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Community Voice Responses (05/28/13)

From the May 3rd Numismatic e-newsletter:
Should sales tax be applied to online coin and bullion sales?
Here are some answers sent from our e-newsletter readers to Editor Dave Harper.

As much as our Congress seems to forget the idea, the United States is a federation of 50 sovereign states, each with their own laws. Some states have sales taxes which include numismatic items; others do not. Thus the idea that such sales should be taxed is impractical, as most sellers will not be able to know whether an item is taxable in the receiving state. Besides, if a seller’s state does not tax such items, it is unreasonable for him to tax a sale, even going to a state which does impose such taxes. In other cases, an item costing less than some pre-set value (in Florida, $500) is potentially taxable, but not if over that value.
Jack Lloyd
Panama City, Fla.

Sales tax on online purchases is currently in place now in Canada. Merchants are suppose to apply a sales tax if they are Canadian and the item is sold within Canada. Depending upon location of vendor and purchaser, it may include the federal GST/HST and possibly the provincial sales tax as well. This also applies to eBay sales. Some merchants on eBay do not collect the tax but the Canada Revenue Agency (CRA) is watching and has both in Canada and Australia (according to my info) requested eBay open its sales records for their inspection.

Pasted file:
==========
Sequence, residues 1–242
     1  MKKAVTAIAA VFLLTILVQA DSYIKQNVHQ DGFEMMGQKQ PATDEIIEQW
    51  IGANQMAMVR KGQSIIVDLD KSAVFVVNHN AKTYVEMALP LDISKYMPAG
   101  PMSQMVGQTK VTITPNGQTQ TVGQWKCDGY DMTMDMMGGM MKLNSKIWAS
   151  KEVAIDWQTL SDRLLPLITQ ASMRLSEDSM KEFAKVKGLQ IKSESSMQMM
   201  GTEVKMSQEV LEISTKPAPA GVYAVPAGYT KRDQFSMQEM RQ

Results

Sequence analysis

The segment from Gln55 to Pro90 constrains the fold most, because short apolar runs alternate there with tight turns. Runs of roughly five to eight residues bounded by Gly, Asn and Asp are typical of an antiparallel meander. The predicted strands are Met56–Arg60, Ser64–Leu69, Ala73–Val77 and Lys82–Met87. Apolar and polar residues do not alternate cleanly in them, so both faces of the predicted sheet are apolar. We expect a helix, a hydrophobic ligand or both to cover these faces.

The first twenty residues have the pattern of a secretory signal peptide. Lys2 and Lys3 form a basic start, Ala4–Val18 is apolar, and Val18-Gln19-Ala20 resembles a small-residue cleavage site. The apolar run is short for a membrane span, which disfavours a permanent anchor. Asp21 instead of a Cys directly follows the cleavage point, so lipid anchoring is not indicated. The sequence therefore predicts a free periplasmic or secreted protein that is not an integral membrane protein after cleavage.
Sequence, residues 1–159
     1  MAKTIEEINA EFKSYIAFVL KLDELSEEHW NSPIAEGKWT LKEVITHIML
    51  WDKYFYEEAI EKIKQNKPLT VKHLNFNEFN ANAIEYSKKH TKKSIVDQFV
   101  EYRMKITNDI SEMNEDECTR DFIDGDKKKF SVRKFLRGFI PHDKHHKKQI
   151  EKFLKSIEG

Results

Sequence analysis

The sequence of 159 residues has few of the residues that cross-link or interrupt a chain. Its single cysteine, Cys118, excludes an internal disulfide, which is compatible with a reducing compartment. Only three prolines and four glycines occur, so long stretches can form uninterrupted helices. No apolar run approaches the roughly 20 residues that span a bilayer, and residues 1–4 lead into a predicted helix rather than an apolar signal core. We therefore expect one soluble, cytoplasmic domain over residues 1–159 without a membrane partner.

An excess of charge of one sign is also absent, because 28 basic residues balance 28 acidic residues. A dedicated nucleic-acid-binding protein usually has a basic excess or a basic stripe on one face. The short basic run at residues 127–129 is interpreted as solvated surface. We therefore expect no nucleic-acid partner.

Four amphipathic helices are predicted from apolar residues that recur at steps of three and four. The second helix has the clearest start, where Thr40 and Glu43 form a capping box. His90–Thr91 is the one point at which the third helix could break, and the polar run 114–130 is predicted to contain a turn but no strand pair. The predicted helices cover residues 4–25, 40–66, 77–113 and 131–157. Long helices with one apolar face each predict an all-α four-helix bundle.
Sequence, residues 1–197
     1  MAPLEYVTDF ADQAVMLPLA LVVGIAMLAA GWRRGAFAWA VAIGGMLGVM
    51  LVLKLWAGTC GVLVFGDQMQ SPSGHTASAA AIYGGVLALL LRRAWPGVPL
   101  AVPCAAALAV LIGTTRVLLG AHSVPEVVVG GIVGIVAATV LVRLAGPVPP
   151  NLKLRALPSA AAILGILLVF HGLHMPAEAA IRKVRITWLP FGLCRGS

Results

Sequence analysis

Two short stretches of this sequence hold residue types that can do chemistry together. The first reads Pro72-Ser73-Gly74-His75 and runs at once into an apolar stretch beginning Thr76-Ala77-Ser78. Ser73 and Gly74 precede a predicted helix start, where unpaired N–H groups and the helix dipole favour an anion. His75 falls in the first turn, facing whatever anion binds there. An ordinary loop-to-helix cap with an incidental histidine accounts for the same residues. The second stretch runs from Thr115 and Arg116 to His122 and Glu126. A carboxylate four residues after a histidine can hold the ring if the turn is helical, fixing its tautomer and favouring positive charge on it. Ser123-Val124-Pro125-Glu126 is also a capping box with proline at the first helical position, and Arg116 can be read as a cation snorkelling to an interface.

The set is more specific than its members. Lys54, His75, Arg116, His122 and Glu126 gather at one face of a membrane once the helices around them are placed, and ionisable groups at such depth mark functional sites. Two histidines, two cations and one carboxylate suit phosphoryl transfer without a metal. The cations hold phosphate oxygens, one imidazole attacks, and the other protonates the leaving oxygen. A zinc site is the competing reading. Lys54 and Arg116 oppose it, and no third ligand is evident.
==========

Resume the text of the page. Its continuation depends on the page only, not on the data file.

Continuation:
Out of country purchases are collected by the post office, if sent via post, who act on behalf of the CRA/Customs Canada. Often only a sampling of the parcels are charged the taxes and a $5 fee for the service.
Whether or not we like it, big brother is watching.
W. Waychison
Address withheld

Absolutely no way. Small online sellers cannot feasibly deal with 9,600 taxing jurisdictions. Paperwork for small business is already a nightmare.
Brick and mortar coin stores have the benefit of face to face contact with customers for both buying and selling. If they do pass the law and exempt sellers of less than $1 million as proposed, it would be of little consequence when hyperinflation hits if one silver dollar is selling for $1 million dollars. Or maybe the small time online sellers could unite and buy off the congressmen like Amazon is currently doing.
Max Stucky
Colorado Springs, Colo.

Why should there be a sales tax on rare coins, currency, or precious metals when banks and financial institutions don’t have a tax on their investment products?
I have been the manager of a monthly coin show in Omaha, Neb., for 39 years. Recently we moved the show six miles to the east to Council Bluffs, Iowa, where there is no tax on numismatic items. So far my customer and dealer response has been 100 percent positive and the state of Iowa is receiving the benefits of money that all of us spend in Iowa.
We can argue the pros and cons of sales tax, but in the meantime we will be spending our money in Iowa.
Ed Bishop
Fremont, Neb.

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